Tullow entered into three Ugandan exploration licences in 2004 following the acquisition of Energy Africa.
The acreage presented Tullow with a great opportunity to explore across this vast, and relatively undrilled, onshore basin. In 2006, Tullow began to get encouraging exploration results and flow tests from some initial wells. Further significant discoveries and appraisal success led in 2009 to the basin development commercial volume threshold being exceeded. Following further success, contingent resources are now estimated to be around 1.7 billion barrels of oil.
The Group added further equity and operatorship to the licences in the Lake Albert Rift Basin when it acquired Hardman Resources in 2007.
The Lake Albert Development Project is a major development which expects to achieve around 230,000 bopd when it reaches plateau. Development Plans were approved by the Government in August 2016 to develop the first 1.2 billion barrels of oil. The Government of Uganda has agreed an export route through Tanzania to the Port of Tanga.
Technical work on the development and the upstream pipeline is well advanced and the Joint Venture Partners had been targeting reaching FID by the end of 2019, but following the termination of the farm-down agreement with Total and CNOOC, a further delay is likely.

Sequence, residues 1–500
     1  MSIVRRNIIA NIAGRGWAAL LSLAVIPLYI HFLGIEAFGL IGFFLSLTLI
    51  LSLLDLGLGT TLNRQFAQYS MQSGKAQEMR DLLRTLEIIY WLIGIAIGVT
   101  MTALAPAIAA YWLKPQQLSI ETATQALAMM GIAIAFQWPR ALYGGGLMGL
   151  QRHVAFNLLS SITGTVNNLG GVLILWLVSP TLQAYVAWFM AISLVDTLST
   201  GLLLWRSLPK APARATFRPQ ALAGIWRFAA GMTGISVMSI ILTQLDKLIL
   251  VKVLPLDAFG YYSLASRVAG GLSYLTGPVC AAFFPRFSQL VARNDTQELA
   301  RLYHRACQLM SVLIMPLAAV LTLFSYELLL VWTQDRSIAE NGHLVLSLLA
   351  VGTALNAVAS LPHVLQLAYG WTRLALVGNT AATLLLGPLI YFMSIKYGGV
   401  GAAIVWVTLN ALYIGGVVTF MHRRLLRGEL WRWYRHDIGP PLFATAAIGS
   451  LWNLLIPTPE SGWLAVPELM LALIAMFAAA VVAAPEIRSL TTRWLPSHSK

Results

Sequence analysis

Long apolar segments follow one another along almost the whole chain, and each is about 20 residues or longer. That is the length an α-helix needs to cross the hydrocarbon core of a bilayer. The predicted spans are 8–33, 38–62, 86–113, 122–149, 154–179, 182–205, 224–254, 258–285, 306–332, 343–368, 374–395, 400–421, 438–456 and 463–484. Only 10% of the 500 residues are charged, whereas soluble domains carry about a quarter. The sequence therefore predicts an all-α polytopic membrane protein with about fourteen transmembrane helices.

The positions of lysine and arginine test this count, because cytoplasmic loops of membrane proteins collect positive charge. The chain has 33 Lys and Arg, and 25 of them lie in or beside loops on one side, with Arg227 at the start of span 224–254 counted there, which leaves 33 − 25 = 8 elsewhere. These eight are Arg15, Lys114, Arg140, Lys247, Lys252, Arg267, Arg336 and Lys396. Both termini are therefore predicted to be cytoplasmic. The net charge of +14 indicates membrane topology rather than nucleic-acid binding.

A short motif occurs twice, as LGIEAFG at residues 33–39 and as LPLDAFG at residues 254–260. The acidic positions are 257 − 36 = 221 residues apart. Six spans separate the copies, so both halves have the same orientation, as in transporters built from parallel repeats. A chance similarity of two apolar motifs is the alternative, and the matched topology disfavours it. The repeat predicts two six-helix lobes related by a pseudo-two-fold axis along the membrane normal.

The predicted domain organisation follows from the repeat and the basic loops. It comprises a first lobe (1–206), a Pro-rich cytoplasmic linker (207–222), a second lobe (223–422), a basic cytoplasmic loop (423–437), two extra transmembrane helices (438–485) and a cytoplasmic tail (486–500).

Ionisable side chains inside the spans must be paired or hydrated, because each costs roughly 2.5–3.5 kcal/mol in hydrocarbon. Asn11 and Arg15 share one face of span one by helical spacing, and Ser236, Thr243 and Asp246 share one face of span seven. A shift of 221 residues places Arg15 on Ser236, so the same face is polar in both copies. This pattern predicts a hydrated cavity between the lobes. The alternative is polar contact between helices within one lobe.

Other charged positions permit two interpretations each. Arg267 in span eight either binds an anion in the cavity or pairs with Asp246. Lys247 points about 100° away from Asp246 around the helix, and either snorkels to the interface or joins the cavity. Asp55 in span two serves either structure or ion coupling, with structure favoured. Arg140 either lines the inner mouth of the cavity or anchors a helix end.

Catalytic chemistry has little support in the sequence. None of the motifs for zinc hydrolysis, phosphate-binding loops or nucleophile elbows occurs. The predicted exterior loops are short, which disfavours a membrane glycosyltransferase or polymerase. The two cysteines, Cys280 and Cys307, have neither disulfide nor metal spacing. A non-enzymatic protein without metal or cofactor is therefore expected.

Farm down of equity in Uganda
A series of transactions took place in 2010-2012 whereby Tullow acquired 100% of the three licences before farming down a third of the equity to both CNOOC and Total. The transaction was for a total consideration of $2.9bn and effectively unitised the basin equally between all three parties ahead the basin development.
In January 2017, Tullow announced that it had agreed a substantial farm-down of its assets in Uganda to Total. Under the Sale and Purchase Agreement, Tullow agreed to transfer 21.57% of its 33.33% interest in Exploration Areas 1, 1A, 2 and 3A in Uganda to Total for a total consideration of $900 million. CNOOC Uganda Limited (CNOOC) subsequently exercised its pre-emption rights under the joint operating agreements to acquire 50% of the interests being transferred to Total on the same terms and conditions.
In August 2019, Tullow announced that this farm-down was terminated, following the expiry of the Sale and Purchase Agreements (SPAs). The termination of the transaction was a result of being unable to agree all aspects of the tax treatment of the transaction with the Government of Uganda.
In April 2020, Tullow agreed the sale of its assets in Uganda to Total with an effective date of 1 January 2020 and the deal completed on 10 November with Tullow receiving $500 million. Tullow is also due to receive a further $75 million when a Final Investment Decision is taken on the development project plus contingent payments linked to the oil price payable after production commences. This is expected in 2021. Although Tullow will retain a long-term financial link to the development project through potential contingent payments, the closing of the transaction marked Tullow’s exit from its licences in Uganda after 16 years of operations.